• Do you think I should wear these shoes, or these ones?
  • Pick out any 3 books for me to read before nap.
  • Would you like to put your clothes away, or help me unload the dishwasher?

Do you see how each of these examples lead to a positive result? Yet you are filling their power bucket – which ultimately, believe it or not – will make them more adaptable when you need to control and influence them. They will feel like they have a say in enough situations, and will be more likely to obey without problems when it’s your turn to make the decision.

Giving them choices IS NOT giving in to their demands. It’s not, “OK fine! You can have the candy”, or “UGH, whatever, yes just skip nap today”. You are simply helping them feel like they have control of certain things, this does not make them THE BOSS of everything.

If you find yourself in a power struggle situation, try offering two situations (make sure it’s a win-win for both of you). For example, a child not wanting to walk from the car to the store – you could ask “hey bud, do you want to hold this hand? Or this one?” (your left hand, or right hand). Or, “we are going to walk into the store now – do you want to ride in the cart, or help me push it?”

Let me give some examples that pertain to the three main battles we are talking about:

Getting your kids to eat:

  • “Do you want to eat the peas first? Or the chicken?” (I expect you to eat both, but you have control over which one you eat first)
  • “Do you want cheese on your eggs? Or plain eggs?” (I expect you to eat your eggs, but you have control over whether you want cheese on them or not)
  • “Would you like ranch with the carrots? Or no ranch?” (I expect you to eat your veggies, but you have control whether you want to dip them in ranch or not)

Getting your kids to go to the bathroom:

  • “We all need to go potty before we leave, do you want to go in the main bathroom? Or Mom & Dad’s bathroom?”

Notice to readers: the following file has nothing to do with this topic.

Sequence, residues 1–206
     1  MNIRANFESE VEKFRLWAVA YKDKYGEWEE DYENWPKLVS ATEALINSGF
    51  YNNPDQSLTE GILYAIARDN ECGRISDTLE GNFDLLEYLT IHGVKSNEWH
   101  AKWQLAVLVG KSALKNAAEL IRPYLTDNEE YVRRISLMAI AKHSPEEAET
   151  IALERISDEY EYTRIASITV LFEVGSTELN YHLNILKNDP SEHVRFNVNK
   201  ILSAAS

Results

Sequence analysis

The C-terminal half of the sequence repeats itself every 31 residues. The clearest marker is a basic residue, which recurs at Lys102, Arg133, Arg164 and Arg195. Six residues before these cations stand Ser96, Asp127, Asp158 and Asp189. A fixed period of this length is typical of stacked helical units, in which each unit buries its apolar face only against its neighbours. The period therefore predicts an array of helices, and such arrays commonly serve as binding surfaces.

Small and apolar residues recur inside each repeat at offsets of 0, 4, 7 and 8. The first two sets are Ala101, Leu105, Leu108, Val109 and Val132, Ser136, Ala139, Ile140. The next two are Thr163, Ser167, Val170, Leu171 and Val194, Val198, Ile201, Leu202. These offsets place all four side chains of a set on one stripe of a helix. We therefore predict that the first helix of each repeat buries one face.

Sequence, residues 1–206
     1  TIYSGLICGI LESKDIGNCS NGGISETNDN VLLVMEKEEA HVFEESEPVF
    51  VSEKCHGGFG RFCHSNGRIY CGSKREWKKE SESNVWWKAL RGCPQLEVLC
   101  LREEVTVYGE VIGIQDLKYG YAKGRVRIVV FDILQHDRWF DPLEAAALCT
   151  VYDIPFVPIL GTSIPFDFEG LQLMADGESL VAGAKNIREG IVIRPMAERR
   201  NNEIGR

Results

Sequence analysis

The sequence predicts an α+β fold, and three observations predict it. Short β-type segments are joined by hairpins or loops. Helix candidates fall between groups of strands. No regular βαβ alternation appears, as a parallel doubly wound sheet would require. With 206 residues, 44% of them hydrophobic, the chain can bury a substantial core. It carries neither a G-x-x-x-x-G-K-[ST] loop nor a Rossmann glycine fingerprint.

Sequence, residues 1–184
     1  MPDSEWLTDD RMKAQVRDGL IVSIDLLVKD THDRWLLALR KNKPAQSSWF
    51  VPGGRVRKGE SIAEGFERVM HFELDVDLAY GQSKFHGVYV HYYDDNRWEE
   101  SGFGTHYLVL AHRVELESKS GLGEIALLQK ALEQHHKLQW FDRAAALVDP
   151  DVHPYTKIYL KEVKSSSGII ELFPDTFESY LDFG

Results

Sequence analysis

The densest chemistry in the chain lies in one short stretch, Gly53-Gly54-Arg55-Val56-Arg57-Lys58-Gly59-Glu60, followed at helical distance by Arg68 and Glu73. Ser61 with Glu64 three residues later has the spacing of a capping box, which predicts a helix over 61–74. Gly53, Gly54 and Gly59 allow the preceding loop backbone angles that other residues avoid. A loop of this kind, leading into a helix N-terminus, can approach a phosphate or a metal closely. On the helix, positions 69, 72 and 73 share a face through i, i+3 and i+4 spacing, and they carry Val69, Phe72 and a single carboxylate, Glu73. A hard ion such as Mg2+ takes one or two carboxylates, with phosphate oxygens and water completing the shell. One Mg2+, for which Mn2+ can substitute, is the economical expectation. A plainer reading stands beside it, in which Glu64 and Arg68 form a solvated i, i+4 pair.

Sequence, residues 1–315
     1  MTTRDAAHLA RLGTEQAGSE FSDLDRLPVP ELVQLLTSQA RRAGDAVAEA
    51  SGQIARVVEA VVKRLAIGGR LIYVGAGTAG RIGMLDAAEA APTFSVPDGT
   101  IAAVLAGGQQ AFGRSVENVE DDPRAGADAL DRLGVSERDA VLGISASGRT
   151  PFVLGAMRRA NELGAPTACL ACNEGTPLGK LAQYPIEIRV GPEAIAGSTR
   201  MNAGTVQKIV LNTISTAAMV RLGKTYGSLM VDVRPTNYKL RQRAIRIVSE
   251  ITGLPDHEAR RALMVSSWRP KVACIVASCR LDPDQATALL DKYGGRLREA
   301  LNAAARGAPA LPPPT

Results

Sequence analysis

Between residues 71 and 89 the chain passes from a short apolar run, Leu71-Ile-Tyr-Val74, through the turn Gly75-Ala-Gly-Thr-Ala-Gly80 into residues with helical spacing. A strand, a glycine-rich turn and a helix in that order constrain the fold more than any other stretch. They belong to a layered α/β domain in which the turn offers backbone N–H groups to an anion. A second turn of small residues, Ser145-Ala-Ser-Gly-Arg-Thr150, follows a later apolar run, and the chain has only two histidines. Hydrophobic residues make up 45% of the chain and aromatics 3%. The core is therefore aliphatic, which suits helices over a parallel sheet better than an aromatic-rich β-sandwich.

• “I need you to take a potty break – do you want to skip to the bathroom, or walk backwards to the bathroom?”
  • “I need you to go potty before bed, what song would you like me to sing while you’re going to the bathroom?”

Getting your kids to bed :

This is the one situation I honestly don’t use choices with, we’ve always had a good bedtime routine and my kids know I’m not messing around when it comes to bedtime. I’ll read a few books and then Mom clocks out! Here are some examples though if you do feel like choices would help.

  • “After we read a book, it’s lights out and time for bed. Would you like to pick out the book for tonight? Or do you want me to pick one?”
  • “I need you to lay your body down, do you want your head on the pillow or off the pillow?”
  • “I need you to stay in bed, and rest your body so you have energy for tomorrow – do you want to sleep with this teddy bear? Or the brown bunny?”

Best of luck to you Mama, and remember – your child has a healthy need for power, so keep their “invisible power bucket” filled with healthy, positive choices – so they don’t look for other ways to fill it.

Fill your child's power bucket, end power struggles for good with these tips.  Bossy, controlling kids? Find out what they really need so you can have a healthier relationship with your children filled with respect.erica asimplekindofmom.com